In ‘Creation and Consummation’ (ch. four, pp. 110-143), Anderson makes the counterintuitive claim that creation is inherently eschatological. From the beginning—he interprets the troublesome grammar of Genesis 1.1 as an absolute beginning in keeping with his understanding of the Priestly ideology—one anticipates the end. According to the famous dictum, Urzeit gleich Endzeit. Anderson is equally certain that the doctrine of creation is primarily historical rather than cosmological, that is ‘a category of history, not of nature’. His chief evidence for this provocative assertion is that `new creation’ is all about redemption of a people in time and space.
Anderson complements this horizontal typology with recognition of a vertical equivalent: creation as the Creator’s temple. Still, this one was not as ‘serviceable’ to Israel, owing to her prior commitment to history over spaciality. Though it is not as easy to swallow this whole after critiques of the history-over-creation approach even from such committed biblical theologians as W. Brueggemann, Anderson’s argument is rich and thought-provoking and—one wishes—not running too far out in front of his texts.
Anderson is particularly evocative in his elucidation of Second Isaiah’s use of creation materials from P to speak both of Israel’s First Exodus from Egypt and of the coming Second Exodus from Babylon. Because biblical creation language oscillates between the poles of chaos and creation—not, as commonly assumed, nothingness and creation—‚Anderson can properly read Second Isaiah’s employment of creation vocabulary and imagery as a casting of a people’s liberation in just those same terms: the creation of fruitful order over against the forces of chaos. The implications for biblical theology and one’s understanding of community are plentiful and rich.
When Anderson walks the path from Second Isaiah’s transformation—one might well say historicization—of Canaanite and/or Babylonian chaos imagery to the rather different approach of apocalyptic literature, he manages to spot an advance in the dawn of apocalyptic, as P. Hanson has memorably put it. Readers familiar with the influential Wellhausian view that apocalyptic represents for Judaism the gray wall at the extremity of a dead-end alley and with Hanson’s more respectful and equally paradigmatic argument that apocalyptic springs out of Israelite prophetism but loses its grip on history, Anderson’s story will read as something strange. Or perhaps refreshing.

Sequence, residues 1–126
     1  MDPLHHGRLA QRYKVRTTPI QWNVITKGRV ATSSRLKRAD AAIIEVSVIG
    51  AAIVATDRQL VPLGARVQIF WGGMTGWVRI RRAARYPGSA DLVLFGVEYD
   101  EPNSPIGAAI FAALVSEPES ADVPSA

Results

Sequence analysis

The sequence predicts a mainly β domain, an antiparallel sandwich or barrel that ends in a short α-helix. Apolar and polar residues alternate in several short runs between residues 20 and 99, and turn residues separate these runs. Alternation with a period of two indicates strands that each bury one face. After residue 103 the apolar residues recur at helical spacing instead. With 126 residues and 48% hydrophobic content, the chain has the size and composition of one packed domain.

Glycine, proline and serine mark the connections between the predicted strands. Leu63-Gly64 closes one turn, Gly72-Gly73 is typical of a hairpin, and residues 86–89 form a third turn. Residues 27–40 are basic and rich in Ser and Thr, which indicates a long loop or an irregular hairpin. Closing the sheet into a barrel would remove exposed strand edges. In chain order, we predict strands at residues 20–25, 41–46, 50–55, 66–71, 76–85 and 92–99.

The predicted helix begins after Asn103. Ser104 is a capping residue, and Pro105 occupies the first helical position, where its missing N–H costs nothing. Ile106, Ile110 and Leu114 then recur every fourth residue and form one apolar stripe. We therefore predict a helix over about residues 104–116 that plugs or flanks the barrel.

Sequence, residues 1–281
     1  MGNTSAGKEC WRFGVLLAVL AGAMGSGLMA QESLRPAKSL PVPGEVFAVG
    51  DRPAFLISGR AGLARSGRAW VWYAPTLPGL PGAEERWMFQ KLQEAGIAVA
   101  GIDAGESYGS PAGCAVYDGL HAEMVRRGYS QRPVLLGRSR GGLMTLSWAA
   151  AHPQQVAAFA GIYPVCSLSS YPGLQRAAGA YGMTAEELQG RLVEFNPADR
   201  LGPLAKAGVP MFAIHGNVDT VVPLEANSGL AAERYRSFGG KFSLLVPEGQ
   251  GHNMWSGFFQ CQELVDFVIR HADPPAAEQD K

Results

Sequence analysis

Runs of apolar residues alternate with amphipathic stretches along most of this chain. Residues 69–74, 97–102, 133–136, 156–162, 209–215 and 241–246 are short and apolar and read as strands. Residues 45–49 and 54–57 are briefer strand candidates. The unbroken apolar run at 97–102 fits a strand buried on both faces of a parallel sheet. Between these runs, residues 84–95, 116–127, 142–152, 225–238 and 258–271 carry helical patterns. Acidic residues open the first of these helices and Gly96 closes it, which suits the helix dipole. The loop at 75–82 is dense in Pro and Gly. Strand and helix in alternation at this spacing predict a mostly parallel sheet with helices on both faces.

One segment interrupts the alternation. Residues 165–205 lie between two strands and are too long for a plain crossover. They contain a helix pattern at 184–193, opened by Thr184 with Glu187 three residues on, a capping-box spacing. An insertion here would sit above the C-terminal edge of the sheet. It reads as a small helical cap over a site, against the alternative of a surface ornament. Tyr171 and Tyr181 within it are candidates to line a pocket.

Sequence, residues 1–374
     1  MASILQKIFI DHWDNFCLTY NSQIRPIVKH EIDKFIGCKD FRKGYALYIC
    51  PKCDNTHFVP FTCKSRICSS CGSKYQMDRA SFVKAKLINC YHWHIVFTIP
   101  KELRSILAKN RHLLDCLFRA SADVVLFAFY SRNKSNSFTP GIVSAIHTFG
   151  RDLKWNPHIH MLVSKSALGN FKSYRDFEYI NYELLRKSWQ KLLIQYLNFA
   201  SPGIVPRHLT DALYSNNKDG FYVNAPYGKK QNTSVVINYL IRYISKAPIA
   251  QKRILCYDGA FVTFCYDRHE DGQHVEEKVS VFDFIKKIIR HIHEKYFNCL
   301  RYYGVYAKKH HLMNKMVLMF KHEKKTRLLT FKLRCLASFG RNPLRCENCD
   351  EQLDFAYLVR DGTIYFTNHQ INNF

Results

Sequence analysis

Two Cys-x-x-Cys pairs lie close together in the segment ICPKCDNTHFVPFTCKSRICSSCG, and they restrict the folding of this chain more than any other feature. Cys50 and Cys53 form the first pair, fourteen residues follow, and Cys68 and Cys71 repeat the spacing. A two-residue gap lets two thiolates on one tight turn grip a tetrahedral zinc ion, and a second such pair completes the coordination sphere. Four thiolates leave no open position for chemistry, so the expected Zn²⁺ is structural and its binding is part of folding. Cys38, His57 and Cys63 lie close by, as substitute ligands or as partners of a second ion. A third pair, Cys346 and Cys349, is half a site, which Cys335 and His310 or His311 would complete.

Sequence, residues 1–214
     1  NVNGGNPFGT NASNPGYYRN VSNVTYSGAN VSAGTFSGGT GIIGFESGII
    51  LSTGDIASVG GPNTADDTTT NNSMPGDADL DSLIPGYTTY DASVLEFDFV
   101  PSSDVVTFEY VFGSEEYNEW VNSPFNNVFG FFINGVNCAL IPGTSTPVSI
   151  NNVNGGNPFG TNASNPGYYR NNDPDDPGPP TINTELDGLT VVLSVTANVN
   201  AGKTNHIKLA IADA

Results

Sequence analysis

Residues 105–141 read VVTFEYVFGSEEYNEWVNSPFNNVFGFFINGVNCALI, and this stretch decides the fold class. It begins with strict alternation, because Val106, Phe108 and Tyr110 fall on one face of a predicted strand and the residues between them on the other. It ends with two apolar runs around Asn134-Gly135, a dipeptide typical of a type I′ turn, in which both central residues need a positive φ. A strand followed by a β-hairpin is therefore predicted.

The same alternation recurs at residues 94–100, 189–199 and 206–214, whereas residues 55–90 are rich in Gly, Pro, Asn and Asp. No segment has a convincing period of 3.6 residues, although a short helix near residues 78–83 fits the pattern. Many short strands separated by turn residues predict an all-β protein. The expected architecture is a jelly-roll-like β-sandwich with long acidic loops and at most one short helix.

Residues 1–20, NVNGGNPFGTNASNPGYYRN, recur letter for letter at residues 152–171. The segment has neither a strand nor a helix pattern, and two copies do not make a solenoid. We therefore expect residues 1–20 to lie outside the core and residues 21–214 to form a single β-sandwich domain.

Anderson believes that the writers of apocalyptic-or indeed those visionaries who stood behind them-achieve the recognition that there is evil in the world that cannot be exhaustively explained by human behavior or by its contractualization in covenant. They perceive that the nations’ enmity against Israel is at a deeper level one part of a cosmic animosity directed against Yahweh, his world, and his intentions with regard to it. For Anderson, that is to say, the apocalyptics glimpse an edge of reality that the prophets did not. By his lights, Messiah then becomes the conqueror of Leviathan (call the beast Satan, that ancient serpent) in all his chaos-making writhings.
What are we to make of the Bible’s apocalyptic imagery and its ‘satan myth’, as Anderson call sit in his final full chapter (Chapter five, ‘Creation and Conflict’, pp. 144-170)? First writing in 1967, Anderson can address the issue in a rather more sanguine mood than is possible just a few years into the twenty-first century when evil seem rather more pulsating, visceral, and dangerous than some years ago. Still, in spite of his conviction that ‘belief in a literal devil … has faded away under the influence of modern rationalism and secularism’, Anderson struggles with the matter in a manner that is both authentic and illuminating.
To begin, ‘it can hardly be doubted that the Christian interpretation of human existence, as rooted in the Scriptures’, is a theology of conflict, a conflict which will be resolved finally in the coming of God’s kingdom, of which the victorious life, death and resurrection of Jesus Christ are the foretaste, promise, and beginning.’ So there is both tooth and fang in the current cosmic struggle? Yes, answers, Anderson, and one must wonder whether it is a function of human freedom—an ‘Adamic myth’—or rather rooted in cosmogony itself and therefore rooted in the divine.
Many modern thinkers have wanted to locate evil in human choice and, thus, to demythologize the Bible’s myth of serpent, fall, and judgment East of Eden as a parable that substantivizes an essentially human and internal drama. Starting from the New Testament with its overt demonologies, Anderson conjectures that Yahwistic drama has been a rather severe editor of Israelite faith and that behind the Old Testament there must lay more belief in demons and other external agents of evil than we are able to read about on the service until ‘theological sensitivity had become sharper’ by the time of the Chronicler, with his famous incitement of David by an evil spirit to take a census of able-bodied Israelites.
The author understands the Bible’s limited dualism as ‘a historical dualism’ rather than ‘a metaphysical or ontological dualism (as in Zoroastrianism, Gnosticism, Manichaeanism, etc.) … a conflict which occurs between the beginning and the consummation of the historical drama.’ Biblical monotheism would not tolerate a more entrenched division of powers between the Creator and any satanic opposition, an observation that leads one to suppose in a time when people badly want to know that Anderson thinks there is none. The New Testament limits Satan’s dominance to history and Anderson ends his book with Pauline doxology, so this appears indeed to be the case.
An ‘Epilogue’ and `Postcript’ conclude the book.
Creation versus Chaos is vintage Princeton Seminary Old Testament work. A lifetime of erudition stands behind what is an extremely accessible little book, suitable for college-level readers who want to think seriously about what the biblical creation traditions have to say about the Bible itself and the life of those who in the course of normal lives encounter chaos as-to paraphrase von Rad-an enduring possibility.
In addition, anyone interested or involved in debates about ‘creation’ in the public arena will benefit from Anderson’s ‘new-is-old’ reframing of what creation is all about in the Bible’s own terms. The author himself would doubtless wish that the shepherds and participants of Christian community might appropriate the profound relevance of the ‘doctrine’ of creation for the purpose that brings them together, a desire whose accomplishment this reviewer heartily commends.